Hit the Floor

Using the old floor as a template.

Using the old floor as a template.

To say that the floor was an issue would be an understatement. Replacing the floor in an Airstream or Argosy is a challenge. From my research the floor in these rot in the same places, so if you are ever looking to buy an older Airstream or Argosy, these are the places to check for floor damage: (1) near the door and on both sides of the door, (2) under and near the fresh water tank (overfilling will cause water to spill), (3) the under and behind the shower (4) under the toilet. Most of these places will be hidden by furniture/cabinetry so they are hard to spot.

Old floor as a template.

Old floor as a template.

Getting it just right.

Getting it just right.

Sealing the piece before installing.

Sealing the piece before installing.

 

Both sides and all edges were sealed.

Both sides and all edges were sealed.

Using the new front piece as a template for the back curve.

Using the new front piece as a template for the back curve.

As I have said before, the floor must sit inside a C-Channel that runs the length of the trailer on each side. The Floor slides in about 1 to 1 ½ inch. Since the camper has been sitting for months with no floor, there was some sag on the C-Channel, especially at the door were everyone was stepping to come in and out. We used some jacks to lift upon the body and widen out the C-Channel where needed to place the floor. Also the body had bowed out some so we had to do some adjusting to fit it back into place.

 

Holding the body in place while the floor was put in place.

Holding the body in place while the floor was put in place.

Dad cutting some aluminum to add near the fender.

Dad cutting some aluminum to add near the fender.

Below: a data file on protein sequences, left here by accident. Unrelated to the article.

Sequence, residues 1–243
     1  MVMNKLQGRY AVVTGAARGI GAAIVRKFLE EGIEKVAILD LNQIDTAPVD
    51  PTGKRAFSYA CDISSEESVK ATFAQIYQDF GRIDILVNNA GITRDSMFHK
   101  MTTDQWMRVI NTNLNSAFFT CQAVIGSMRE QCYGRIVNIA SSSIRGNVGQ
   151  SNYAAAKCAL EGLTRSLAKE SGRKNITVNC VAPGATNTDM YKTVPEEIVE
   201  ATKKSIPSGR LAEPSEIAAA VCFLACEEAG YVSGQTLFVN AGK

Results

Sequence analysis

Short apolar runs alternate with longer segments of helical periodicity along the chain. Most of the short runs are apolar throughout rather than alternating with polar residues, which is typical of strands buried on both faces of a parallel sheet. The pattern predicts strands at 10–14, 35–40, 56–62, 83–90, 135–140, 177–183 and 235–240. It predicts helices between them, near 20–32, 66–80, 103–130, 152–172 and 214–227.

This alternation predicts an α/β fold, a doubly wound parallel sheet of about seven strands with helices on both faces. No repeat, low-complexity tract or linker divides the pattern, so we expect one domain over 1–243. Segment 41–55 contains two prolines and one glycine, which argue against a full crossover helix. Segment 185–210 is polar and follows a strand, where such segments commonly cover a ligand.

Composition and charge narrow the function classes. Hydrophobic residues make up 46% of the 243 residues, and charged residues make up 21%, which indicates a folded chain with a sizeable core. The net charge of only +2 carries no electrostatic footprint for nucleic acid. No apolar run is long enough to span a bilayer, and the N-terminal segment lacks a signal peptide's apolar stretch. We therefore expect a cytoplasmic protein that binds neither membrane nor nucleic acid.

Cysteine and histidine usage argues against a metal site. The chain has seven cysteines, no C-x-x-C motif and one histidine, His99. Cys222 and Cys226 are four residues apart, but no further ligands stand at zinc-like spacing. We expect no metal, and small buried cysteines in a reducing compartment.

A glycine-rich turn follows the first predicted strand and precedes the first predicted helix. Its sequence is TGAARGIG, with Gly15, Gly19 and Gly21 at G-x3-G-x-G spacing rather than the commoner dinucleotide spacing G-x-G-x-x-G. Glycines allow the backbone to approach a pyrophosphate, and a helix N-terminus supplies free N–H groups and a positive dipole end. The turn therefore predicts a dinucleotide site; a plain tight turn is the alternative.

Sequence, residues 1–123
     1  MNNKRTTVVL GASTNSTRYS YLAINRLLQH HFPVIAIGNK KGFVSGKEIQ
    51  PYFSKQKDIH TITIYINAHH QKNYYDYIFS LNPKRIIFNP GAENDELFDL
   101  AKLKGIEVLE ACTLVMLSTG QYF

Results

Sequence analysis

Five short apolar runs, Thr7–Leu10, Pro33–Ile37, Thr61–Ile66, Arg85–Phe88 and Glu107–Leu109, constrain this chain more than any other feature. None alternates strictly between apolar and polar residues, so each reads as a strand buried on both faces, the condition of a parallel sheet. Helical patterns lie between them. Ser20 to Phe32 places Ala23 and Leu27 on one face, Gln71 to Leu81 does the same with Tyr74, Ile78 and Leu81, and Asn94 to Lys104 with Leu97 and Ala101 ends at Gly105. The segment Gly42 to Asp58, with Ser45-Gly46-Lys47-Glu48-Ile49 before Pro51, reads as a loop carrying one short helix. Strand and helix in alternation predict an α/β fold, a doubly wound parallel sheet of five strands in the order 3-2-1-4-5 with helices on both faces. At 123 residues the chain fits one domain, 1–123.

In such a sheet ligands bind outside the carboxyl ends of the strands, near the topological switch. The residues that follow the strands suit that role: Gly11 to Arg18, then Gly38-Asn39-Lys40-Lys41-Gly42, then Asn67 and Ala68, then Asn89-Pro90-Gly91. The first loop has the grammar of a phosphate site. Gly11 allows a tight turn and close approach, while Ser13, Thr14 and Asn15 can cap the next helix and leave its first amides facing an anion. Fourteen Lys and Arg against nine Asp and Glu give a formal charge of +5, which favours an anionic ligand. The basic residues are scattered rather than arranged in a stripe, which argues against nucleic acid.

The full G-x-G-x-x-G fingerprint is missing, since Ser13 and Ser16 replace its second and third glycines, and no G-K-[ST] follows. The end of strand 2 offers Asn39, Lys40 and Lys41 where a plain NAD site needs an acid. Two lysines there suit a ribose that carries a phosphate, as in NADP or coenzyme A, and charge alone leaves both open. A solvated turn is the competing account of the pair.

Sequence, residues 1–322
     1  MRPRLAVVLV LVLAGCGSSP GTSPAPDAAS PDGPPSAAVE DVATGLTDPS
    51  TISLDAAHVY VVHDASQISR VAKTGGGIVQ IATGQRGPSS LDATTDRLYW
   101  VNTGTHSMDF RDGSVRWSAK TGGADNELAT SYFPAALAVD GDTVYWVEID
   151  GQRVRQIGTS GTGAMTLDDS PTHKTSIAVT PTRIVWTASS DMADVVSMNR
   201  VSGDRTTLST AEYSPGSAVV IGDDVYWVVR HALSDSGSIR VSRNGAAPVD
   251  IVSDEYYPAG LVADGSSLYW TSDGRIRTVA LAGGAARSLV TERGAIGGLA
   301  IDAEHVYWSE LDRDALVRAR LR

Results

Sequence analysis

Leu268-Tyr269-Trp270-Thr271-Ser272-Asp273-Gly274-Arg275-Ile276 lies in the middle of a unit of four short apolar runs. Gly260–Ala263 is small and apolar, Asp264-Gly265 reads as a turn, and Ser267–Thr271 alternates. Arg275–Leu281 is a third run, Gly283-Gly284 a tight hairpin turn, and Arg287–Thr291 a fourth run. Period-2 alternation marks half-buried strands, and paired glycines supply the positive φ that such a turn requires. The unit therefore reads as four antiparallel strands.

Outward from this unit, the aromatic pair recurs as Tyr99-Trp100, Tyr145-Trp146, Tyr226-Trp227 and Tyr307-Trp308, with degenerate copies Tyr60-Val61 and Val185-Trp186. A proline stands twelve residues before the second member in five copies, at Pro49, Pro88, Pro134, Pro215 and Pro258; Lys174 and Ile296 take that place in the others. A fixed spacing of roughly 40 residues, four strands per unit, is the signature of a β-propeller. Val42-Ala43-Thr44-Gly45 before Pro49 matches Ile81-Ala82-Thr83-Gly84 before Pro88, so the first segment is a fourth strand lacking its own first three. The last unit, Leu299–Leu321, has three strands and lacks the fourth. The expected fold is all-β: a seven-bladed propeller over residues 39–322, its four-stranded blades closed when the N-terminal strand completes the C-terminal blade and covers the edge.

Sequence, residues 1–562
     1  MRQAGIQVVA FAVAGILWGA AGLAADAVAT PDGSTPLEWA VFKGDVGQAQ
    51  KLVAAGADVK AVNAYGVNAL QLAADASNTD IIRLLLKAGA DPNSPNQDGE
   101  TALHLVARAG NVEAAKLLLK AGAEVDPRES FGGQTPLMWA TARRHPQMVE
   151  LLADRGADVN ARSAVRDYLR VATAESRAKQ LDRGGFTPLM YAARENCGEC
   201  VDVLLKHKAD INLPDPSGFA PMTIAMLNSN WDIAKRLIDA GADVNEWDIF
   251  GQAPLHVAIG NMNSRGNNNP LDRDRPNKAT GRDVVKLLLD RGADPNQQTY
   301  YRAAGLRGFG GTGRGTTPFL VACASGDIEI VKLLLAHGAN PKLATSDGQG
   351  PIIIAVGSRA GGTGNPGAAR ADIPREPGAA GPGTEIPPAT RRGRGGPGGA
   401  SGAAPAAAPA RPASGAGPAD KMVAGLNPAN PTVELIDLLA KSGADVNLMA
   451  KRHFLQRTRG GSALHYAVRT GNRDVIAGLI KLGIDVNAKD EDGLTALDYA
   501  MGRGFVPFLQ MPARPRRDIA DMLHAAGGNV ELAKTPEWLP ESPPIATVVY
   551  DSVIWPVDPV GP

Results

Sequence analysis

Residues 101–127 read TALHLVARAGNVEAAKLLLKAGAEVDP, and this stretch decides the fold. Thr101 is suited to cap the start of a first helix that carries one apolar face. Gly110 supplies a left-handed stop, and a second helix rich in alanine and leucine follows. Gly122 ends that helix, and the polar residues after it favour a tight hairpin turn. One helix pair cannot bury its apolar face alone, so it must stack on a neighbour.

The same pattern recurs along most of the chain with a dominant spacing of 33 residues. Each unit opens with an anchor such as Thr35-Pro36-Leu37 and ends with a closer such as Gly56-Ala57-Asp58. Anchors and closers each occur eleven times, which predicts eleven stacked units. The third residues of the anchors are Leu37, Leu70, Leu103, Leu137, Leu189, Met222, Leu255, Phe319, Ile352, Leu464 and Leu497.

New aluminum piece to fill in a small gap at the fender.

New aluminum piece to fill in a small gap at the fender.

Adding that extra support made the installion much easier, I don’t think we could have placed a full piece across the width without causing some damage to the body.

 

Progress was slow at first.

Progress was slow at first.

Looks so good, I was/am so happy.

Looks so good, I was/am so happy.

Caught in the act - my brother who has complained about this and refused to help, finally did.

Caught in the act – my brother who has complained about this and refused to help, finally did.

Getting the back piece in place.

Getting the back piece in place.

It got serious.

It got serious.

We marked where the frame rails were so that the floor could be secured to the frame in addition to the floor supports. Bolts were used in the body, to bolt the body to the frame. There are so many screws and bolts, nothing should move. We used stainless and brass so that these will not rust in the future.

Bolts - one in the frame and another into the wood.

Bolts – one in the frame and another into the wood.

More bolts and screws holding the body and floor in place.

More bolts and screws holding the body and floor in place.

Finished floor looking toward the front.

Finished floor looking toward the front.  You can see the marking on the floor to show where the frame and board floor supports are underneath.

Finished floor, looking toward the back.

Finished floor, looking toward the back.  You can see the markings on the floor to show where the frame and board floor supports are underneath.

Getting the floor in place was such a relief, we knew this was going to be difficult.  It is so nice to be able to walk around in the camper without fear on falling through the belly pan.  Next step is get her all wired and ready for the walls to be insulated.  We are not moving as fast as we would like but you can’t rush a labor of love.

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2 thoughts on “Hit the Floor

    • It is a 1973 Argosy 24ft, twin bed model. Sorry, he is not for hire, LOL. It was hard enough to get him to work on this one. He is really amazing at the things he can do.

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